When it comes to finding help to run your business, you have three options: hire employees, pay an agency, or assemble a team of freelancers.
While hiring full- or part-time employees makes sense for many businesses, others prefer to use an agency or freelancers. Still other businesses hire employees but outsource some things (such as marketing and advertising) to an outside agency or a team of freelancers — which is definitely the way of the future.
For those who decide to go the freelancer route, the following are some tips to help make things run smoothly and efficiently.
Hiring The Right Freelancer For The Job
Outsourcing has plenty of advantages, but there can be drawbacks as well. These tips will help minimize drawbacks and maximize the benefits.
When choosing a freelancer, it's important to source qualified talent with a proven track record. A freelancer who knows their stuff should have a portfolio of work or references on hand. Be wary of someone who does not have this. Even a freelancer who is just starting out should have something they can show you.
DO: ASK QUESTIONS, PROVIDE ANSWERS
Expect good freelancers to ask you probing questions, make sure you're prepared to answer these five:
- What's your company's main mission?
- Who is your ideal customer?
- What's your goal for this specific project?
- What has been your experience so far in hiring freelance talent?
- How often do you want to keep in contact during this project?
DON'T: SKIMP ON SALARY
Don't be lured into hiring "discount" freelancers. You get what you pay for. Freelance work may be less expensive than hiring a new employee, but it still costs money. Learn more in our guide to hiring freelancers. Download your copy here.
DO: TEAM THEM UP CORRECTLY
When you're working with a team of freelancers, it's important to choose freelancers who can work together well, and to build a team that completes your goal in a reasonable amount of time. One poor worker can bring down an entire project, so what should you do to pair up the right talent?
The first step to getting together a good team of freelancers is to start with a freelancer you trust.
If you don't have a freelancer you love working with you yet, ask colleagues or others in your industry about potential freelancers who do good work. From there, you can ask the freelancer for opinions on others who would be an asset to your project. Many times, freelancers know others who perform similar or compatible work, making it easier for them to get bigger jobs and to work together on projects. Picking out a pair or trio who already know how to work together can be helpful.
Managing Your Freelance Team
Now that you've assembled your team, it's important that things run smoothly and the best way to ensure that is to communicate. Your freelancer should be available to communicate in a way that you both agree to. Skype or other video messaging or email are common methods. Project management software like Asana, Trello or Basecamp are popular for those who want to create easy, open communication, plan projects, delegate tasks and have an overview of what is being done by whom, and when.
Keep Everyone on the Same Page
One struggle many freelancers have is knowing the basics about a project. When will each person be paid? What is the pay rate? When are the deadlines for each part of the project? These are important pieces of information that anyone running a project should be upfront about.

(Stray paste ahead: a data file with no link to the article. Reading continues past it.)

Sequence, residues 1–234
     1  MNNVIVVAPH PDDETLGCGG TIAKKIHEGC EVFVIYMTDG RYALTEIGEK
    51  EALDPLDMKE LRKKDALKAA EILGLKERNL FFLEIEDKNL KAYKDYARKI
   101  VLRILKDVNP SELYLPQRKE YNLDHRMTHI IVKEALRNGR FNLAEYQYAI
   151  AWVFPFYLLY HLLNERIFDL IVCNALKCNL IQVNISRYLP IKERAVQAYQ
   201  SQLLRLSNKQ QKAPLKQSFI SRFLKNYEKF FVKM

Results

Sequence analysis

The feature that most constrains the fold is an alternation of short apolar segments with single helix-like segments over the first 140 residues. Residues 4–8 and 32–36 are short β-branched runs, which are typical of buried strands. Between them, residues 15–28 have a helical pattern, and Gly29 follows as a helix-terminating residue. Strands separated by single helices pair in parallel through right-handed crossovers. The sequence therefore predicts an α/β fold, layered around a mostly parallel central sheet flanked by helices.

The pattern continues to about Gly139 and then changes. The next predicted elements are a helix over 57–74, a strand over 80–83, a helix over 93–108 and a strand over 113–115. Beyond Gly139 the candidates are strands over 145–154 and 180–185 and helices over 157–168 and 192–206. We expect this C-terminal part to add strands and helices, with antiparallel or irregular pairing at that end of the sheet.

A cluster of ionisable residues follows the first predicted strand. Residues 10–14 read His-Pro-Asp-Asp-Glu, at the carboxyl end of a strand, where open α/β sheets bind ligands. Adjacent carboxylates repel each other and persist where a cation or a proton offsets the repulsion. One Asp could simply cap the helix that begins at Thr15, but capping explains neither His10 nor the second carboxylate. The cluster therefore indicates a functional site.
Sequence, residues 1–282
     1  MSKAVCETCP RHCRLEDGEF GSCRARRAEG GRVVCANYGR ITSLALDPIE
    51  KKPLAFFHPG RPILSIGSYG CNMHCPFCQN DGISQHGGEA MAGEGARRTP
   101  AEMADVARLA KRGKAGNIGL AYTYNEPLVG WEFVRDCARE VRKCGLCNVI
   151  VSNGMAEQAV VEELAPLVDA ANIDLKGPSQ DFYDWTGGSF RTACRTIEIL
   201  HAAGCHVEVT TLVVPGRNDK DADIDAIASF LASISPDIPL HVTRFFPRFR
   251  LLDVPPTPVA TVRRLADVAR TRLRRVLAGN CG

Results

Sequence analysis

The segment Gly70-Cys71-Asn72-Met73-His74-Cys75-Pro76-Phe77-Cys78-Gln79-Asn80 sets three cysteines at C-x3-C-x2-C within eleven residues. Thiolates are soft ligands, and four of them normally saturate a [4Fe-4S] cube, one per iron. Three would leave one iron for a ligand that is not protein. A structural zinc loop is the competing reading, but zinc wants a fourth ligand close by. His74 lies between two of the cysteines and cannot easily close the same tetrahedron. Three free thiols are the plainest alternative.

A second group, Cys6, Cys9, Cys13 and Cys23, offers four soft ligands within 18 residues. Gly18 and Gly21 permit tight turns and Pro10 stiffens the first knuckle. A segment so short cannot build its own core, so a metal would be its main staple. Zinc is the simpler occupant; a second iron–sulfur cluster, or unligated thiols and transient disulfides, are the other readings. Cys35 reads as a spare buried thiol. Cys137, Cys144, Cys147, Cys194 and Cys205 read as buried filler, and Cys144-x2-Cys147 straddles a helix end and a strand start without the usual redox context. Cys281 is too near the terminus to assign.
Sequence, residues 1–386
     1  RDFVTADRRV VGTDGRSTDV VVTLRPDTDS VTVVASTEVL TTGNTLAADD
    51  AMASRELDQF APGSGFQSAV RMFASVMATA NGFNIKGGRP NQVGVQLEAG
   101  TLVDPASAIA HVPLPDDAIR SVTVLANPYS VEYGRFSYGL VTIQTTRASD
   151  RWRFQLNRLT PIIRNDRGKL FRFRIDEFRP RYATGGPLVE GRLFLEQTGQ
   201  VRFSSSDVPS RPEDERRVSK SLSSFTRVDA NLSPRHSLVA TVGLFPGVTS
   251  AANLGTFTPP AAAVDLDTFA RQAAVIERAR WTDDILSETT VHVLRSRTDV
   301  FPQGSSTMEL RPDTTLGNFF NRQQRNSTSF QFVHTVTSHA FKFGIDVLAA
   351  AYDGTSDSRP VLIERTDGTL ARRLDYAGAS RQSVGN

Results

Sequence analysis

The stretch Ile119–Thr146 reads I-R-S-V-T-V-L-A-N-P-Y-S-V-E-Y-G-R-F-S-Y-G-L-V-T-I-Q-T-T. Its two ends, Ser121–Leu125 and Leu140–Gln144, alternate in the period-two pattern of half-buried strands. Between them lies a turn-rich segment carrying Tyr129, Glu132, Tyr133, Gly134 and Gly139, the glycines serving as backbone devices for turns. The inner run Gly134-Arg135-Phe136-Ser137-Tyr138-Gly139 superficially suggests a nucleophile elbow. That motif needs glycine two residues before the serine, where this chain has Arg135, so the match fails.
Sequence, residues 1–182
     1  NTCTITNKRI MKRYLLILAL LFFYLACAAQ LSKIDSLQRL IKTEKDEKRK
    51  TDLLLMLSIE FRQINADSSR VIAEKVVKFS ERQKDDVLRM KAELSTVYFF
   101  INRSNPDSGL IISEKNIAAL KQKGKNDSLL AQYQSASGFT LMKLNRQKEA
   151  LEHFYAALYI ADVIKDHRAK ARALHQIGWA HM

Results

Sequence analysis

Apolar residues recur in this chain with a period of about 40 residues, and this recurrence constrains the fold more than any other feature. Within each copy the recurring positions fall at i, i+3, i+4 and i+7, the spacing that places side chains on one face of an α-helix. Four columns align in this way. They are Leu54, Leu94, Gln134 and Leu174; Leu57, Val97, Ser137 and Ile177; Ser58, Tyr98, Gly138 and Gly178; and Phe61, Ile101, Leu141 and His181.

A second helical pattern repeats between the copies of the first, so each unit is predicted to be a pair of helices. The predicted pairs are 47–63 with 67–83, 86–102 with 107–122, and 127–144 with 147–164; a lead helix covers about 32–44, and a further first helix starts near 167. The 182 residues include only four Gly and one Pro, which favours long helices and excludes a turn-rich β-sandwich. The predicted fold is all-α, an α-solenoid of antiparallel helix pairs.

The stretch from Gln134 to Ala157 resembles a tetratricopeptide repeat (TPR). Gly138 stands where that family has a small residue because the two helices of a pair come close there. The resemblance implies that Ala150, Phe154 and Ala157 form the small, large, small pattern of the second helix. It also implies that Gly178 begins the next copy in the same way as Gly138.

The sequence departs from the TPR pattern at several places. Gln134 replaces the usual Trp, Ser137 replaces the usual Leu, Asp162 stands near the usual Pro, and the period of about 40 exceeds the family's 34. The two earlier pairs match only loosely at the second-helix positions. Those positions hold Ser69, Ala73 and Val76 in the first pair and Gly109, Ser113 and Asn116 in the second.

Once you decide on pay, pay dates, and deadlines, you should also work to set up communication routes. Emails are great for quick notes and contracts, but if you can have a platform or online program, like Google Docs, that everyone can access, that's better. When everyone sees the same project, the same updates, and the same remaining work, then you're all on the same page when it comes to finishing off the project.
Be sure your prospective freelancer has some type of contract that outlines what services they are offering. Some ask for a deposit or partial payment up front. It's super important to be clear on what they are delivering, what the time frame will be and what will happen if they are unable to complete the work, or if for some reason you don't accept the work due to poor quality or other reasons.
Lay Out Clear Expectations
In any workplace situation, communication is important, and miscommunication is a common problem. With freelancers, there is even more danger of miscommunications that can affect project quality and deadlines. When you are relying on texts, emails and phone calls as opposed to in-person interactions, it's easy to see how mistakes and misinterpretations can occur.
Be sure you give clear instructions and give feedback often. Don't go too long without checking in, and be sure to encourage your team to ask questions. If your team will be working together or collaborating on projects, be sure they are on the same page at all times. Conference calls and virtual meetings are a good idea.
Show some appreciation for your team. Being a freelancer is sometimes a lonely lifestyle, so a few kind words and positive feedback go a long way!
Don't Be Scared to Ask for Reworks
Reworking parts of a project will be necessary, except in some extreme cases. You shouldn't be scared to ask a freelancer to rework part of his section of a project. Most, when on a fixed fee, will do at least one adjustment of the piece for you without complaint. It's best to ask for tweaks or adjustments unless you feel the work that's been turned in is subpar. Reworks aren't the same as rewriting or recreating a project; remember that your team is working on one final goal, and you should make all adjustments during a planning or working phase, not after the work has been completed.